I pulled my car up to this school, entered the building, and met with Superintendent Mo Chang. She then called in five students. She and them–and about 20 other students and chaperons–had just returned from Thailand to visit the lands from where they (and/or certainly their parents and grandparents) had come. The trip was a homecoming and a chance for Old World and New World Hmong people to come together, for these American students to relate to and experience the ways of life for their fellows across the world.
I wrote the story:
Almost five years later, October 2014, I had just returned from Africa.
I needed a job, so took to substitute teaching. The day I was allowed to teach, I saw an available half-day, afternoon shift for a school in St. Paul. I thought, “Why not?” I arrived to the school, then to my class, and noticed that almost all the students at the Community School of Excellence were Hmong.
I then went to the office and noticed in the business card holders on the receptionist’s desk the very same card I had collected from Superintendent Chang five years earlier.
Same school, new location.
She didn’t remember me at first when I approached her standing outside her office later that afternoon. Maybe it was my beard. But in seconds, her face lit up with recognition–and then suggestions for more stories I could write for the school.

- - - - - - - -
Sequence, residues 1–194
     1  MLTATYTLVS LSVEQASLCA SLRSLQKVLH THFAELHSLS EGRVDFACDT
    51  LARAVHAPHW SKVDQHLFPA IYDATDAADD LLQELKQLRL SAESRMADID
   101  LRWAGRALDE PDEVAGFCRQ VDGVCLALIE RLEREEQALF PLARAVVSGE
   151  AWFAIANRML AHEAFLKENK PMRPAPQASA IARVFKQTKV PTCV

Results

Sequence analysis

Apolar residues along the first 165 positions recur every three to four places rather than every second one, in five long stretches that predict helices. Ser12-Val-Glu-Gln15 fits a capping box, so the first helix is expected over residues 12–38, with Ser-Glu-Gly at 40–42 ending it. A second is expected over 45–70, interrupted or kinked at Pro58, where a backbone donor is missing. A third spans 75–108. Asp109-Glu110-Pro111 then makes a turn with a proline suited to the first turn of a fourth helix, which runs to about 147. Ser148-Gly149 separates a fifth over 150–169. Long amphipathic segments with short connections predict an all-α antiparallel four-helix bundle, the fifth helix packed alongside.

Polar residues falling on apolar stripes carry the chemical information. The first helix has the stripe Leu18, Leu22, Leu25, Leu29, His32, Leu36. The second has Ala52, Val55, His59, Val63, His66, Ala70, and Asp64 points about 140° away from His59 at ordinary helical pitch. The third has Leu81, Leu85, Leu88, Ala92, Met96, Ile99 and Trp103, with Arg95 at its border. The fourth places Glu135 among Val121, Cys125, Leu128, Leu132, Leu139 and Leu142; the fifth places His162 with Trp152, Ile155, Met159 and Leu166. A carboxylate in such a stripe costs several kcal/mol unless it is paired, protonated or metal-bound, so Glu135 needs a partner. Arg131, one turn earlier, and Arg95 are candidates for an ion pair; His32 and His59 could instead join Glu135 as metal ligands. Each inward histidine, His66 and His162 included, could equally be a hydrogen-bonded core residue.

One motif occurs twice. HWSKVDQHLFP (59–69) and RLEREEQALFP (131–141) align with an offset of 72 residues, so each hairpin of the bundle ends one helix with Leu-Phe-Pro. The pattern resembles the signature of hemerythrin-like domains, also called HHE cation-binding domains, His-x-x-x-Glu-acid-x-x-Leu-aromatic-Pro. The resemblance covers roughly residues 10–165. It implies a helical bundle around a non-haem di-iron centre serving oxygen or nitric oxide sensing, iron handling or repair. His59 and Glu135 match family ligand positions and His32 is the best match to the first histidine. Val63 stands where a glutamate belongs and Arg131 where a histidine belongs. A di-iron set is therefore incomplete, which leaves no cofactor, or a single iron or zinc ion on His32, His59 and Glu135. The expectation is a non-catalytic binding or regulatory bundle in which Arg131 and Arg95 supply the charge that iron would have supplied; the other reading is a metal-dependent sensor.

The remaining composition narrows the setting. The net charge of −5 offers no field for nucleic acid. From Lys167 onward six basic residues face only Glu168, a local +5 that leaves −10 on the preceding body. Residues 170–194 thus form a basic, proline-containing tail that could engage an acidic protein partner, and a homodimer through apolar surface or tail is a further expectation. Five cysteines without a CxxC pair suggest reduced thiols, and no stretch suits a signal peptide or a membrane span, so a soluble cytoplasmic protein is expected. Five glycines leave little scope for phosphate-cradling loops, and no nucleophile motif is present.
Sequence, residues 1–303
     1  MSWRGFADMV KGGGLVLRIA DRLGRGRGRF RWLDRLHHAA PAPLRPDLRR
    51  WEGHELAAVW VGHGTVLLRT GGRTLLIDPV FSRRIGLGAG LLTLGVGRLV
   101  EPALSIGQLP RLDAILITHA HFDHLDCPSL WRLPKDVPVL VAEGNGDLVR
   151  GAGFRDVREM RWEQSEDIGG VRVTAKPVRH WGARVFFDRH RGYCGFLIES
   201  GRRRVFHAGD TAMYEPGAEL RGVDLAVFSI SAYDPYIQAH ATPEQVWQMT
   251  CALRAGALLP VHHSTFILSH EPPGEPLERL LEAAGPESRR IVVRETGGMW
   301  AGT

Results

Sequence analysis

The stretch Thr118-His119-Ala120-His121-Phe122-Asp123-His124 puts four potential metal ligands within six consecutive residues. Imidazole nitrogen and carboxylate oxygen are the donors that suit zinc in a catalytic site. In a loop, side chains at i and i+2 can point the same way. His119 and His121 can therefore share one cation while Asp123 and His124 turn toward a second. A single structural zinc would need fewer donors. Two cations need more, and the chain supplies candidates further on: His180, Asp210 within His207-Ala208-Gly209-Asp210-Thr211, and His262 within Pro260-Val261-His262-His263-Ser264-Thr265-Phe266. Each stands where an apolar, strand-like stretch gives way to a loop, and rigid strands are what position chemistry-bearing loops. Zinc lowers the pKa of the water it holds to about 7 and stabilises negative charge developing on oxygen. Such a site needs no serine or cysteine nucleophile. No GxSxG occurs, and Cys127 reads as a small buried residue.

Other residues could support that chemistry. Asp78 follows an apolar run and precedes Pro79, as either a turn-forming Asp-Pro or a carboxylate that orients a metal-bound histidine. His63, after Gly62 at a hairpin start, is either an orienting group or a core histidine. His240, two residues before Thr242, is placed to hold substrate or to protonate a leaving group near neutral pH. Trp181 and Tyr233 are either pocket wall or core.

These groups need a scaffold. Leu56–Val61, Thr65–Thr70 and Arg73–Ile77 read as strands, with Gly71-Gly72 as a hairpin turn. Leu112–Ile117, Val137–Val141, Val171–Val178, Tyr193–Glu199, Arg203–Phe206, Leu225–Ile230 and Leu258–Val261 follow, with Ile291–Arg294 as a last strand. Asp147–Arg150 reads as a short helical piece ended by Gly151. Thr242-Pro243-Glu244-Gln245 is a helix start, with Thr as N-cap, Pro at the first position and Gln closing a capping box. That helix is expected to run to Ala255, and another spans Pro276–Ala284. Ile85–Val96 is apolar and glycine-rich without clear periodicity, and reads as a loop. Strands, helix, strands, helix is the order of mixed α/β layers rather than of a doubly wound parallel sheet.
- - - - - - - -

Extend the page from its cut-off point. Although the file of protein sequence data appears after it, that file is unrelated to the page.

“Hold on, Mo,” I said. “I’m not with the Pioneer Press. I’m here to teach.”
“Well, we need someone to share the stories of our school,” said the short, middle-aged woman.
We talked in the coming weeks, and they offered me a job as the school’s communications coordinator, social media manager, and English language specialist (proofreader). In our first meeting in her office, Mo brought up the school’s annual Global Connections trip to Southeast Asia and how she’d like someone to go along to document the trip. I knew what she was getting at and became energized with surprise at the prospect of traveling again so soon after just returning from Africa.
“Brandon, are you comfortable with a Third World environment?” asked Mo.
“Have you seen my blog?” I answered with a question.
Fast forward to today, and as I write this I’m counting down the hours to departure. Early tomorrow (Monday) morning, 37 eighth grade students and six of us chaperons are leaving for Thailand. Our main destination will be the rural north and our sister school in the Hmong-populated centers near the city, Chiang Rai. There, we’ll help out at the school, our students will spend school days shadowing their peers, and…
…we’ll deliver laptops.
The Community School of Excellence’s computer club has prepared four computers. These very preparers will be soon be presenters, just as I had been a little over a year ago in a village school in Tanzania.
It’s about the coincidence of computers, connecting students, and getting the opportunity to tell the stories from across the world.
It’s about the connections and the remarkability of life as a result of the Jacobson’s meeting young Evaristo 20 years ago and me writing a story for the Pioneer Press five years ago.
We sometimes point out the unfortunate reality that we can’t know the future. But how incredible are our lives because we don’t know how connection and coincidence will manifest! We get to experience these manifestations and await what’s around the next corner.
For the next several Sunday blogs, I’ll be writing about the corners turned in Thailand.